Simple numbers and common sense dictate that unions cannot possibly be revitalized, democratized, and massively expanded through the initiative of professional organizers and other staffers alone. They simply cannot do everything and be everywhere during every day in a movement of millions trying to organize tens of millions. Failures aside, their successes at best produce incremental growth that cannot even keep up with membership attrition. Even the multiplication of such organizers several times over, though it would help matters, could not possibly produce the sort of exponential growth in both numbers and power needed to shift the balance of class forces that McAlevey and the rest of us desperately seek.
Without grassroots initiative, day in and day out, of countless unidentified workplace organizers—be they organic leaders, activists, or interested members with titles no grander than shop steward or local union officer—unions cannot function, let alone grow. McAlevey’s idea of using unionized workers to approach the unorganized in the same industry is obviously a good one. But if this is left only to the initiative of labor’s too few, overworked organizers, it won’t be nearly enough. Worse yet, if this sort of worker- to-worker organizing occurs only with the permission of top leaders, which is typically the case, it will never be enough, or display the sort of initiative that can impress the unorganized and give them a sense of ownership in the union. Clearly, it will take much more of the sort of worker self-activity and initiative we saw among industrial workers in the 1930s, or among public employees in the 1960s and 1970s, and that we have seen recently in the 2018–19 strikes of education workers, as well as the first signs of action by workers at Amazon, Instacart, Uber, and other corners of the digitalizing economy in the midst of the Covid-19 pandemic. I will look in greater detail at this question below. To investigate the problem further, however, we need to look at what McAlevey sees as the roots of union decline over the last half century.
“Who Killed the Unions?”
This is the title of a key chapter in McAlevey’s most recent book, A Collective Bargain: Unions, Organizing, and the Fight for Democracy, the most “big picture” of her three books. The bulk of her answer to this question is straightforward: Taft-Hartley and subsequent court decisions, professional union-busters, and globalization. Each of these has played an important role in throwing up barriers to organizing—at least in those all too few cases where workers or a union even attempt to seek representation. Taft-Hartley gives the boss a legal advantage, the union-busters provide the muscle and intimidation, while globalization allows employers to threaten to move abroad and close up shop. The record shows that these are, indeed, frequently effective in derailing organizing drives and first-contract campaigns. This story is true as far as it goes, although it downplays the far more persistent role of management in fighting and demoralizing unions and workers, day in and day out. It is also the official union leadership’s explanation for the decline, retreat, and crisis of the organizations they lead. The problem with this story is that it lets the top leadership, the union hierarchy, off the hook for its own role in the crisis of organized labor, certainly in the US.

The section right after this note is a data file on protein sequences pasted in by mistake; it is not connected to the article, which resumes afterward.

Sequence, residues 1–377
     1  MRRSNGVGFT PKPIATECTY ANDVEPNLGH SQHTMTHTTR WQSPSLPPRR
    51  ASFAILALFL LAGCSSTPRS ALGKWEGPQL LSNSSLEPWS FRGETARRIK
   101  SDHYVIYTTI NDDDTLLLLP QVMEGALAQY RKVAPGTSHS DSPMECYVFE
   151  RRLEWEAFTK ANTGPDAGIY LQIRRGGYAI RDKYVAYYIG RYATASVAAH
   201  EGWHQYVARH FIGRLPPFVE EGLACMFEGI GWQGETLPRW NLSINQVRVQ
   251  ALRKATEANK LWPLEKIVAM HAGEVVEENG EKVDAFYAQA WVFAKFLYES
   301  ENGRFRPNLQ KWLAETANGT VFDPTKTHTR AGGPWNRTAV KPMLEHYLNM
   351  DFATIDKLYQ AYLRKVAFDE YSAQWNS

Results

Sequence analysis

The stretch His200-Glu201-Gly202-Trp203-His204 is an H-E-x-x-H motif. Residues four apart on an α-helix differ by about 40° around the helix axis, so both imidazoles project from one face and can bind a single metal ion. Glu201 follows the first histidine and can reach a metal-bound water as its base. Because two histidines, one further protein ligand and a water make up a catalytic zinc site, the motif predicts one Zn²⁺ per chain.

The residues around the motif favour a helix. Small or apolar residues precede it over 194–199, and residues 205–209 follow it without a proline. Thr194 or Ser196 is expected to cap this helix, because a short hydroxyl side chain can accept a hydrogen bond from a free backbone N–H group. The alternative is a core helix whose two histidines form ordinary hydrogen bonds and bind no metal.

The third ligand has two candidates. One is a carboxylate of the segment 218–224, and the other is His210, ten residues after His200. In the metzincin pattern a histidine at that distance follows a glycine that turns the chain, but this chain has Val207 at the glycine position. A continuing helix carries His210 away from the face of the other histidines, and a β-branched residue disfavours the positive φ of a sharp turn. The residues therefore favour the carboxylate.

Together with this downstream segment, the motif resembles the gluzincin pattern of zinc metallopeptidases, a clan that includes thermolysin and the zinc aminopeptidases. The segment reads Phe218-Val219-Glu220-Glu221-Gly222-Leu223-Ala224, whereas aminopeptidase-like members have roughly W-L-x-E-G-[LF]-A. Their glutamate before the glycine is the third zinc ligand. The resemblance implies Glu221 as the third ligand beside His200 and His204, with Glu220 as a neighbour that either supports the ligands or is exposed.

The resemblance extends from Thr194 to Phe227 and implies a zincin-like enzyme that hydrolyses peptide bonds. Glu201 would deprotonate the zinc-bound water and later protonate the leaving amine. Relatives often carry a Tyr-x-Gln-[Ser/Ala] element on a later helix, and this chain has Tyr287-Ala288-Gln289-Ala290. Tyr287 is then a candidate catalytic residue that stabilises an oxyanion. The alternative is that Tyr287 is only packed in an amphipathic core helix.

This is not a question of good or bad people. All union leaders are not the same. Some are clearly much better than others, and that can make a difference. The problem lies in the whole practice of bureaucratic business unionism that emerged in the US most clearly during and after World War II. Taft-Hartley and McCarthyism played a role in this to be sure, but business unionism as a philosophy and practice had its roots way back in the era of Samuel Gompers and his “pure and simple” unionism. The post-World War II expansion and modernization of this old view, however, was based primarily in the simultaneous abandonment of fighting over control of the workplace and labor process in favor of focussing on wages and benefits—America’s “private welfare state.” This, in turn, led to an increased insulation of the leadership, administration, and conduct of bargaining from the membership. Along with this came the unions’ turn from a broader social agenda, their political defeat, and Taft-Hartley. Labor historian Nelson Lichtenstein has controversially, but correctly, called this turn away from efforts to win broad social gains politically toward the private welfare state a “product of defeat, not victory.”3Nelson Lichtenstein, State of the Union: A Century of American Labor (Princeton: Princeton University Press, 2002), 99–100.